Employers have always had an obligation under the Occupational Health and Safety Act (the OHSA), to take all reasonable precautions to protect workers, a duty which is arguably already broad enough to encompass an obligation to protect workers from violence in the workplace. The recent amendments to theOHSA, which come into force June 15, 2010, confirm the extent of this duty, and also outline a number of specific steps employers must take in relation to violence and harassment at work.
The amendments will require all employers, including franchisee and franchisor employers, to: (i) assess and report risks of violence in their workplaces; (ii) develop and implement policies and programs with respect to workplace harassment and violence; (iii) inform their workers about individuals with a history of violent behavior (to the extent necessary to prevent physical injury); and (iv) take all reasonable precautions to protect their workers from violence in the workplace.
i) Assess and Report Risks of Violence in the Workplace
One of the new duties of employers will be to undertake a risk assessment of their workplace. In undertaking this assessment, it will be useful for an employer to consider the general factors that increase the likelihood of violence, such as interaction with the public, working with money, valuables or prescription drugs, or working alone or in isolated areas.
The assessment need not be in writing unless required by a Ministry of Labour inspector, although it is good practice to have a written record of the assessment process. The results must be communicated to the health and safety committee. The risks must be reassessed as often as necessary to ensure that the employer’s policy and programs remain effective in protecting workers from workplace violence.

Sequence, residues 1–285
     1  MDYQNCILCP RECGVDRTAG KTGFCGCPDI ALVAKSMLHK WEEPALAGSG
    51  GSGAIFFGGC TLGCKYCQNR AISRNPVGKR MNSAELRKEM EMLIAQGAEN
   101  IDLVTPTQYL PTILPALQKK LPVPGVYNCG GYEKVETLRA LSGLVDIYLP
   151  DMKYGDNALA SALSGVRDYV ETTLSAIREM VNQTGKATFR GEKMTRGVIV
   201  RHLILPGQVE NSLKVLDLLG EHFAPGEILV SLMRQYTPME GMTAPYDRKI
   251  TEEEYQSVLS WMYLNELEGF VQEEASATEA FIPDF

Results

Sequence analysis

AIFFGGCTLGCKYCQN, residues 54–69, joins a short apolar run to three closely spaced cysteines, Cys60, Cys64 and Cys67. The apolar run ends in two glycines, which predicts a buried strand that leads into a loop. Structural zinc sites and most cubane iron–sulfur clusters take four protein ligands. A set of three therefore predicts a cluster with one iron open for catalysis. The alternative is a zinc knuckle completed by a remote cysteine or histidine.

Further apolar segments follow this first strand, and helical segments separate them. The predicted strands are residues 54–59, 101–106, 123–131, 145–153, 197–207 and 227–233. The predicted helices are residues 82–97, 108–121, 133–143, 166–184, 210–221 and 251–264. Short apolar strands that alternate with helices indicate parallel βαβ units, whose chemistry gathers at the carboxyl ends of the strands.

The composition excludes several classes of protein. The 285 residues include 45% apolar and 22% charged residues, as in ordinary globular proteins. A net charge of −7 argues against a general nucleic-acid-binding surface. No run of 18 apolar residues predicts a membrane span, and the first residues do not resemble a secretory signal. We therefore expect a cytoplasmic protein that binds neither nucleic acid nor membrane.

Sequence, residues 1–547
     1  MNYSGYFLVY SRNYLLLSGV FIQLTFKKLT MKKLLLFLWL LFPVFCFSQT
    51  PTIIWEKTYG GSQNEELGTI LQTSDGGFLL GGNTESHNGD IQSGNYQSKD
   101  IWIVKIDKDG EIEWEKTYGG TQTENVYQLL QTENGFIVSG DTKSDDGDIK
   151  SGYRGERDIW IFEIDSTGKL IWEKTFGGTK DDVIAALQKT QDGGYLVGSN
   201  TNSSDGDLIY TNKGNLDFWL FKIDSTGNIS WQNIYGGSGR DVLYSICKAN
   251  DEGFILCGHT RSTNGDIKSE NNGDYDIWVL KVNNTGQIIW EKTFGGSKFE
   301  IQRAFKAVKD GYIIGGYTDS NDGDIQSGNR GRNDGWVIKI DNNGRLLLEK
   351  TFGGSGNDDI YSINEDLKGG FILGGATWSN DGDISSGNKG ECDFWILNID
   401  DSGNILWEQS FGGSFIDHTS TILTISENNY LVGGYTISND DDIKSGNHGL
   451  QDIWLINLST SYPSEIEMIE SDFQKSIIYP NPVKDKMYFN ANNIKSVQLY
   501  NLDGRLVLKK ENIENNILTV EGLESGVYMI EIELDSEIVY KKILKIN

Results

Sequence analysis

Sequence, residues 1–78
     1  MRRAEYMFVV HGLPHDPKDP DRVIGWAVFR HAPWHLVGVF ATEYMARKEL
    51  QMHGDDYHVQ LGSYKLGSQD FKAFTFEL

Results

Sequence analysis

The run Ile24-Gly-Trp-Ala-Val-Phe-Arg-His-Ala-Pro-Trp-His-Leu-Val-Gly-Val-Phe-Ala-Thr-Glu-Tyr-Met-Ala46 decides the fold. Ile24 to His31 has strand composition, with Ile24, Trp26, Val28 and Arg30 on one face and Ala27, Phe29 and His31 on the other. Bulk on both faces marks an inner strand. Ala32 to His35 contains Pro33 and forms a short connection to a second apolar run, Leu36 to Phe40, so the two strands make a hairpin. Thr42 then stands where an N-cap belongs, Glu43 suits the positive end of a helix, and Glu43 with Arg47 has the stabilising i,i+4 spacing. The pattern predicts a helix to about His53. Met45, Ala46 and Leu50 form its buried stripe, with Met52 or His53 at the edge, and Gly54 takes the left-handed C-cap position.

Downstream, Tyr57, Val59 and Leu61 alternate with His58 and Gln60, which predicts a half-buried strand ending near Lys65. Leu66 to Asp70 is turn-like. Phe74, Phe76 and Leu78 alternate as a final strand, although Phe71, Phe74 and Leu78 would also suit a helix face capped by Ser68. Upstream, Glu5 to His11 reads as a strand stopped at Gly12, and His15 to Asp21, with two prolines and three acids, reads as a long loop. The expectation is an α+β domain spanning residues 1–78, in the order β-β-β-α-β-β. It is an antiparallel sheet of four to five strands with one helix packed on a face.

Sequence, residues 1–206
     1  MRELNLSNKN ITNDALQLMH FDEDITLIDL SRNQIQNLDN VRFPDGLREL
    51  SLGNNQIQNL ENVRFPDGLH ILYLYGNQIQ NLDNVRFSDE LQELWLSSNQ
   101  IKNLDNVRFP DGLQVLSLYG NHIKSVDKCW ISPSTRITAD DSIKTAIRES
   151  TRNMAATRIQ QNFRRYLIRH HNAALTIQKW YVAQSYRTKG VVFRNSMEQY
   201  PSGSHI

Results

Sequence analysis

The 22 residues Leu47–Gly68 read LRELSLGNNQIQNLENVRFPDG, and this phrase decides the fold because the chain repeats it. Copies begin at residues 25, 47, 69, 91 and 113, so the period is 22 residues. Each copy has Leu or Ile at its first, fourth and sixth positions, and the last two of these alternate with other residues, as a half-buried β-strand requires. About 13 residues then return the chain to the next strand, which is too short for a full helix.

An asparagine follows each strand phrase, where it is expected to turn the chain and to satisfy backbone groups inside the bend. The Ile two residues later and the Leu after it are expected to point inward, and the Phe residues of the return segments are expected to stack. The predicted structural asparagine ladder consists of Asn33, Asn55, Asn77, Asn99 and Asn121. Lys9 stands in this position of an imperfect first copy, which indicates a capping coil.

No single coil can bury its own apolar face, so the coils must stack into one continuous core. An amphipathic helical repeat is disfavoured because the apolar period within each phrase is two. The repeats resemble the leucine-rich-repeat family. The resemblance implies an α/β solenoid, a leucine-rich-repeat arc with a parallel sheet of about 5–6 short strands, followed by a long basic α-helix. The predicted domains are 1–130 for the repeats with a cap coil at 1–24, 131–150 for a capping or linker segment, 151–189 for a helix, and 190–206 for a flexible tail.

Once the risks have been identified, the amended OHSA will require employers to develop measures and procedures to control these risks as part of the workplace violence program. There are a number of changes employers can make within their workplace to reduce or eliminate the risks. Some examples include: increasing building security through the introduction of coded cards to control building access; developing safe work procedures, such as working alone or dealing with angry customers; and making physical changes to the workplace, i.e., increased lighting.
ii) Develop a Policy and Program on Workplace Violence and Harassment
Under the amended OHSA, employers are required to develop written policies on workplace violence and harassment and programs to implement them, regardless of size of the workplace or number of workers. The policies must be posted in a conspicuous place in the workplace and reviewed as often as necessary, at least annually. Employers must also provide appropriate information and instruction concerning the workplace violence and workplace harassment programs.
The Ontario Ministry of Labour has published guidelines to provide further details about what should be included in the workplace violence and harassment policies, as well as sample policies.
Workplace Harassment Program